Why should Mobility DC provide any benefit?
Mobility DC provides two joint protective supplements, hyaluronic acid and chondroitin. Hyaluronic acid is the most important compound in the synovial fluid to maintain joint health and mobility. In addition, the benefits of chondroitin are dependent on the presence and concentration of hyaluronic acid.
Are there any known side-effects associated with the use of the supplement?
As with any product, individual pets can have a possible minor ailment, such as diarrhea. However, there has been no serious adverse side-effects reported.
Is it safe to use the supplement with other medications?
There have been no reports of adverse drug interactions with other product. Discontinue use and consult your veterinarian if any adverse reactions occur.
Is the supplement stimulant free and can be safely used by competitive dogs?
The supplement does not contain any stimulants and can be used by competitive dogs.
What is the most appropriate time for an active dog to use the supplement?
It is recommended to take the supplement prior to a period of intense activities. This will give maximum opportunity for the product to support joint health. This dosage should be repeated in 6 months to support synovial fluid health.
Is there an ideal time during the day to take the product?
The supplement can be taken at any time during the day.
Does the supplement immediately relieve lameness and joint pain?
No, the supplement is not an analgesic. Clinical studies have demonstrated improvement in joint health and mobility commences 7-10 days after the initial dose.
Why do we need to supplement hyaluronic acid in companion animals?
The body’s natural production of hyaluronic acid starts to decline as the pet ages. With a very active dog, the quality and viscosity of the dog’s synovial fluid declines which can be responsible for joint problems. Therefore, supplementation of hyaluronic acid can be very important to support joint health.
How often should a 30-day treatment course of Mobility DC be administered?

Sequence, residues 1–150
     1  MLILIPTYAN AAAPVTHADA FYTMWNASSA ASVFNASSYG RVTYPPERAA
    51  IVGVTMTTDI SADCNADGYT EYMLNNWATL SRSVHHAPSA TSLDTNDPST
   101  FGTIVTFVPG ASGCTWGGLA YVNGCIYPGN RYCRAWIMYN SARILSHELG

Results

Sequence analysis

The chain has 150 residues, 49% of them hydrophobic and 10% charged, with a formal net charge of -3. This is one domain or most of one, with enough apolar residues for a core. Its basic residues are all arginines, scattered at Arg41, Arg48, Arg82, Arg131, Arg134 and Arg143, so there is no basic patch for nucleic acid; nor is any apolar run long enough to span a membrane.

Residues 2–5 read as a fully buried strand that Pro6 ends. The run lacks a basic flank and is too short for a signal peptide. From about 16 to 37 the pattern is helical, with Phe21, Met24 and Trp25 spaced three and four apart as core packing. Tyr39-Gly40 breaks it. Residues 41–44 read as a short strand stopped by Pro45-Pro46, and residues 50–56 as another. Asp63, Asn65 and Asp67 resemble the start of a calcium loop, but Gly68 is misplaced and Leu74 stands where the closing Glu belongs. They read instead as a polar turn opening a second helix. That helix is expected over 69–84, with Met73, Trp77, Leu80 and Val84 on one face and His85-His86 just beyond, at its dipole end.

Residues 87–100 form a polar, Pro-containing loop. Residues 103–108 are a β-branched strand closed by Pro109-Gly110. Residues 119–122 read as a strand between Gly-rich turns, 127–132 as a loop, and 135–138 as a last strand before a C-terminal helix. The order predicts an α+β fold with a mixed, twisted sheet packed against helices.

This is very much dependent on the condition of the joints and the extent of degenerative joint disease. In most cases, twice yearly is sufficient. Where there is extensive degenerative disease, an initial treatment course of 60-90 days may be required. It may be necessary to repeat this treatment schedule every 9-12 months. For younger, active dogs where you are looking to promote joint health and mobility, who are not experiencing symptoms, once yearly could be sufficient.
Arthritis is one of the most common conditions that effect dogs. In fact, arthritis is believed to occur in 20-25% of all dogs. It is the most common pain veterinarians treat.
What joints in a dog are most affected?
The joints most often affected by arthritis include the hips, knees and elbows.
Is arthritis related to aging of the dog?
Arthritis can occur in dogs of all ages, although it tends to appear in the second half of their lives.
Are certain dogs more prone to developing arthritis?
Yes, large and heavy dogs are more likely to suffer from arthritis as their body grows quickly and they participate in more intense physical activities. However, arthritis can affect dogs of any breed or size. Dogs such as dachshunds, bulldogs and basset hounds have skeletal problems caused by genetic disorders that affect the development of cartilage making them predisposed to joint and cartilage disease.